Future Priests of the Third Millennium

A little insight into the life of seminarians from various dioceses preparing for ministry as Roman Catholic priests, including daily activities, personal interests, special events, the spiritual life, news from the seminary, and almost whatever comes to our minds!

Sunday, September 28, 2008

St. Therese of Lisieux part 3

This is the third installment of a three part series. You can find part one here and part two here. I decided to post this paper because St. Therese's feast day is coming in less than a week and secondly, one of our readers mentioned in a comment that St. Therese's parents will be beatified on October 19. From my reading of her autobiography Story of A Soul I came to deeply admire her father because of how he took care of Therese and her sisters after his wife died.

Many authors have written on different topics within Story of a Soul, a large number of authors have focused entire books on St. Therese’s little way. Fr. Francois Jamart O.C.D. wrote a book of commentary on different themes that St. Therese wrote about in her autobiography. He writes specifically on the section of Story of a Soul, which deals with St. Therese’s discovery of the vocation of love within the Mystical Body of the Church. Jamart references the passage from St. Paul’s first letter to the Corinthians that St. Therese was meditating upon and states: “She learned that all gifts, even the most perfect, that are distributed to the various members, are valueless unless they are animated by love and that charity is the great way that leads securely to God.” It is true that each member of the Church has a general and specific vocation and many tools are needed, but one is the most requisite and that is love. “So faith, hope, love abide, these three; but the greatest of these is love.” Since love is the most important of the theological virtues it ought to be sought after and practiced in order to discern a vocation because love is the root of the actions of the Church’s members. Jamart states, “She had even offered herself as a victim to merciful Love so that she might love God with His own Love.” It is St. Therese’s victim hood to the love of God that fills her with the love that only God can give. It is this same love that allowed the apostle to preach and the martyrs to die. This love is not be possessed but it is meant to possess those discerning their vocation. It is also in this that one realizes that this love desires to give itself away. She offered herself to this extravagant love and this is what allows her to “Render to God love for love and fulfill all vocations.”

Jerry Kemper’s section in St. Therese; Doctor of the Little Way writes on the fraternal charity that St. Therese exhibited in her life. He describes her love as the root of all that she did. In all of her struggles with her fellow Carmelites, she would “Look for a sister’s virtues and good motives.” Even in her dying days, St. Therese never forgot the fact that her vocation was rooted in love. As she laid in the courtyard of the convent her fellow sisters would come to cheer her up and her sisters were worried that they were disturbing her. She replied: “How can I write about charity if I do not show charity to my well intentioned fellow sisters.” Even in her illness she does not allow herself to compromise her strong commitment to love. How easy it would have been to be short-tempered with one of the sisters that annoyed her. It was not until after her death that some of the sisters realize how much love she gave to each one of them. This love was freely given and she was never reluctant to give her love to her family or to her fellow sisters. When one is able to love the way that St. Therese loved, they are able to catch sight of what God is calling them to.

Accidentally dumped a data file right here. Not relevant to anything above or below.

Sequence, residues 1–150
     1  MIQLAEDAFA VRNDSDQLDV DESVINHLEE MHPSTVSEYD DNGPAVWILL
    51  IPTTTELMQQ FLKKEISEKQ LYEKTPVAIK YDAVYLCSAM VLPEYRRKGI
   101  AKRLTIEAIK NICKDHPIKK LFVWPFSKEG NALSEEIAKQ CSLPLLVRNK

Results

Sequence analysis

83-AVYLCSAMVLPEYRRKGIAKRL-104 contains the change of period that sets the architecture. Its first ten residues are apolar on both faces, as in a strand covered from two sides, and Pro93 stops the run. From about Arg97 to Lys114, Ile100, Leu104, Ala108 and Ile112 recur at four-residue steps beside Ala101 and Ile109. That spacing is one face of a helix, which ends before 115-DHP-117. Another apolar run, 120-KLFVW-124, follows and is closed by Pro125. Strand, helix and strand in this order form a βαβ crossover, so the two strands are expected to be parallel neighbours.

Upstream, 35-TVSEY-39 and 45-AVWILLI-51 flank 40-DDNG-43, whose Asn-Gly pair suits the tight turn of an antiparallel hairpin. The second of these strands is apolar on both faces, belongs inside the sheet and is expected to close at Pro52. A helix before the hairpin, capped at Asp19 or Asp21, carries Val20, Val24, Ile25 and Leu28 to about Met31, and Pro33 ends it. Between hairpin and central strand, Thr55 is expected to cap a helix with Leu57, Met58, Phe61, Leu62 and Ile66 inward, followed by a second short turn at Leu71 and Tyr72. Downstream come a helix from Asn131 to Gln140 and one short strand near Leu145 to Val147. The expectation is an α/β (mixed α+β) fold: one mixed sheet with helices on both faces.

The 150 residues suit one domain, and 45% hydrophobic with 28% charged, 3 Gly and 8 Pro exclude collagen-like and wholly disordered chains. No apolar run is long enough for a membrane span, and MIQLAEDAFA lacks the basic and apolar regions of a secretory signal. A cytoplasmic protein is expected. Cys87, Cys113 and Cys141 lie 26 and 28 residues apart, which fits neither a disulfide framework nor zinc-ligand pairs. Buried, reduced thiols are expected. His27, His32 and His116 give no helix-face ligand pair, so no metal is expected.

Fr. Bernard Bro OP wrote four statements that summarize St. Therese’s teaching. One of them relates to vocational discernment in that we receive our calling and the ability to do so from God. Our calling and ability find their source in love. He writes: “Love lives by reciprocity; to love is to accept that the One who loves me gives me whatever is necessary to respond to him.” It is in this statement that one can realize that as one discerns a vocation they ought to concentrate on the love that they have received from God and how they respond to that love. The response to the love given from God is where a person’s calling lies. For St. Therese, her response to God’s love is her charity and her prayers for the salvation of souls and praying for priests. Each vocation has a response to love and it appears in the imitation of God and Jesus. Parents imitate God the Father when they shower down love upon their spouse and their children. Priests imitate Christ in giving their life as a ransom and by providing the sacraments for the lay faithful. Those who are consecrated to the religious life imitate Christ because they too, give their life over to their religious order and to their apostolate. Love desires to give itself away and it is in this self-gift that the married person, the priest, and the consecrated respond to this love.

As one looks back at St. Therese’s life, they realize that her love was extravagant because she gave herself so freely to God’s love. St. Therese desired to be an apostle, a prophet, and a teacher. She became these things by giving herself over to the same love that allowed the apostles to preach and the martyrs to die for their faith. Her self-sacrifice allows those who have followed her to rediscover the fact that each Christian’s vocation is rooted in the love that God showers down upon us and our own vocation is our response to that love.

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